Engaging Journeys, Engaged Journalism

Water as Commodity

David Zetland Part 2: Valuing Water as the Good It Is, Not the Good It Was

As discussed previously, economist David Zetland wants us to understand the difference between water scarcity and water shortage. Water scarcity, he says, is a perception. We worry that there may not be enough water to meet our needs, the needs of the environment, and the needs of agriculture and other business. Water shortage, on the other hand, is a fact. In the midst of a shortage there is no water to be had, at any price. Effectively managing water scarcity can prevent water shortages. Failing to manage scarcity will create shortages—an experience already shared by at least some California communities, businesses, farmers, and ranchers.

Zetland’s main point is that water needs to be managed “as the good it is, not the good it was.” Most of our water regulations and rules come from a time when water was abundant—and when public dollars were generously allocated to engineer the delivery of that abundance, via dams, aqueducts, and other infrastructure. Yet the rules that accompanied water abundance are inappropriate in a time of scarcity.

“So we need a new management paradigm in which we identify what type of ‘good’ water is, decide what type of good it should be, and change institutions to move towards our goals.”

This management process has multiple but distinct moving parts. To allocate what economists call “excludable” goods—in this case, water used by individuals or groups in ways that legally exclude others from using it—the tools of economics should suffice, as for any other commodity For non-excludable or community water, which can be used but also overused or abused by anyone, political decision-making is required, so this “social” good can be shared.

Fine-tuning these distinctions further, economists also recognize “rival” goods (in this case, water) that a person can’t use twice, or two or more people can’t use simultaneously, such as the water we drink. (Here’s a “fun fact” from Zetland: “Rival” derives from the Latin adjective rivalis, for a person who shares a river or rivus with another.) Non-rival water would be the lake multiple people might swim in.

What makes allocating water so tricky, Zetland says, is the fact that changing circumstances can transform water from one type of “good” into another—which means management strategies also need to change. Rival water, for example, may be privately held or owned in a common pool. Whether that water would best be managed by economic or political means depends on local institutions: “Reforms won’t work if they ignore past practices and cultural norms.”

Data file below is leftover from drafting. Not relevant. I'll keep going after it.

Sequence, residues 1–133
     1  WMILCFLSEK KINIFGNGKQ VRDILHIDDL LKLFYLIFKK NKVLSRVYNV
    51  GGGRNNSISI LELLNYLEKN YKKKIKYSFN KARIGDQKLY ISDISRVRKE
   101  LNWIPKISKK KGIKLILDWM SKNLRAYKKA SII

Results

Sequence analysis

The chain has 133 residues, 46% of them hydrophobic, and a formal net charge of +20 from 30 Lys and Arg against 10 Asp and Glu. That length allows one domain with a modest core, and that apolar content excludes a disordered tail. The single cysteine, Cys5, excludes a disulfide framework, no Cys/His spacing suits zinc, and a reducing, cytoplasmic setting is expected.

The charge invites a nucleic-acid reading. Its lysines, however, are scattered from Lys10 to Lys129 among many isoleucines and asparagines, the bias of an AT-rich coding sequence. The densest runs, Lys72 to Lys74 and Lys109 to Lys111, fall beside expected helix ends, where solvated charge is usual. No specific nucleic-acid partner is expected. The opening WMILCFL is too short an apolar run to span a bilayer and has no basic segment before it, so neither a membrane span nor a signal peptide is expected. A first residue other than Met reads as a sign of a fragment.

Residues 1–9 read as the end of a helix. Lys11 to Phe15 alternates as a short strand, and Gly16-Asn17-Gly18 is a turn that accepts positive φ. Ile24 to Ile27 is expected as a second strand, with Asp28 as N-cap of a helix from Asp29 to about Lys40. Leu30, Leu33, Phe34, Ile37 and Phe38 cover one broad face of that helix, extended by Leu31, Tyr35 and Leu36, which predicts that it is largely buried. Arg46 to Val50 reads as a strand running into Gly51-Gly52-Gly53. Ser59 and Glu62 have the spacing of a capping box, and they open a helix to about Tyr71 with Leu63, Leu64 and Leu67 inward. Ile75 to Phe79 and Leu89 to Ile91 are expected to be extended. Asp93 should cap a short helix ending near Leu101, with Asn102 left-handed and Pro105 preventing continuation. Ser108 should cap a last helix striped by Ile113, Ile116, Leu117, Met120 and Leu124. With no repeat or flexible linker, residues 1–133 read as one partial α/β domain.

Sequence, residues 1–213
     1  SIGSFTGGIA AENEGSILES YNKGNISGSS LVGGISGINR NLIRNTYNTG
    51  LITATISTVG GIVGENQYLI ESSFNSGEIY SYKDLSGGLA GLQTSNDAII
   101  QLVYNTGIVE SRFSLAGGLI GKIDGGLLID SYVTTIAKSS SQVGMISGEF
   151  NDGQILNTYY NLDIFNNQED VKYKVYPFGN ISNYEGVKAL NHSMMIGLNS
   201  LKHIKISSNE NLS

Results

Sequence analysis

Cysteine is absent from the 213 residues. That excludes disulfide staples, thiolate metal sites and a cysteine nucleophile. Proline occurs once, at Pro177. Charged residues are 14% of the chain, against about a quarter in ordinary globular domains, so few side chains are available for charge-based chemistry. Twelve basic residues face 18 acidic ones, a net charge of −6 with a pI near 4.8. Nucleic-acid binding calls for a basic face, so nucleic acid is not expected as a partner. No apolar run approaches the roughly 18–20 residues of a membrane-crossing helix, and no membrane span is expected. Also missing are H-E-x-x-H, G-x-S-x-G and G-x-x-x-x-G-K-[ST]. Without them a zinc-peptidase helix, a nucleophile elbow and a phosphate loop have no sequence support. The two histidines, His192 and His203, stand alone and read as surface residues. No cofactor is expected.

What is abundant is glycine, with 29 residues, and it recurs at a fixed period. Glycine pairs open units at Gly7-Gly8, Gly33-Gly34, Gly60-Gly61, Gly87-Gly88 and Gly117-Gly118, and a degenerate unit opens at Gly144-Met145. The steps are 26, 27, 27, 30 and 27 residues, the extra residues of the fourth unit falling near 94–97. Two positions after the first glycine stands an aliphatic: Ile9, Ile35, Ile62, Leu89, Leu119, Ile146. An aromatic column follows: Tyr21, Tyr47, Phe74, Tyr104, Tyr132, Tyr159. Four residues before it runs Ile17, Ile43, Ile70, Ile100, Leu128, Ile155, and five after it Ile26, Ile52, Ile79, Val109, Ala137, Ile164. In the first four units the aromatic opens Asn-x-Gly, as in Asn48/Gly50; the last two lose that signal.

Using Price to Prevent Water Shortages

So how should we be managing the scarcity of water as a commodity (excludable good)?

“If water is scarce, raise prices. People will use less water, just as they would use less gasoline,” David Zetland says, noting that higher prices won’t threaten public health and safety. “We know—from studies and intuition—that people cut non-essential uses when prices rise. That is how we know people have plenty of water in the western U.S.: more than half of residential drinking water is sprayed outdoors.”

The rules of scarcity and shortage are the same for water as for other goods, he points out, except for the fact that, unlike most goods, water is not traded in markets that would balance supply and demand through higher or lower price.

Water doesn’t work this way because water regulators require water supply monopolies—which generally pay nothing for the water they distribute—to charge only for their delivery costs. Such “pro-consumer regulation” doesn’t include the value of water or the huge costs, later, of inevitable shortage.

Demand for the gallon of water we each need every day to survive is high, or inelastic. We’ll do almost anything—pay almost anything—to get it. What we’re willing to pay for water beyond that core need, though, is much more elastic. The cheaper that extra water is, the more we’ll use. But when water is scarce we make different decisions, demonstrating the elasticity of that demand. Witness the growing interest of Californians in replacing water-guzzling lawns with native or other low-water vegetation.

For a while we can “supply” our way out of water scarcity—by pumping groundwater, by recycling and purifying “used” water through new technologies, even by desalinating seawater—but that’s no solution if demand continues to increase.